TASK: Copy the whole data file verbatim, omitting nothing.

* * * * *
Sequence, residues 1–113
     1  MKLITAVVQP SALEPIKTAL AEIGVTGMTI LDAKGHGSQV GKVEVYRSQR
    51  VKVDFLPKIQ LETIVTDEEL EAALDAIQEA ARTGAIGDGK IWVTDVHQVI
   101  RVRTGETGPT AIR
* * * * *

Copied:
Sequence, residues 1–113
     1  MKLITAVVQP SALEPIKTAL AEIGVTGMTI LDAKGHGSQV GKVEVYRSQR
    51  VKVDFLPKIQ LETIVTDEEL EAALDAIQEA ARTGAIGDGK IWVTDVHQVI
   101  RVRTGETGPT AIR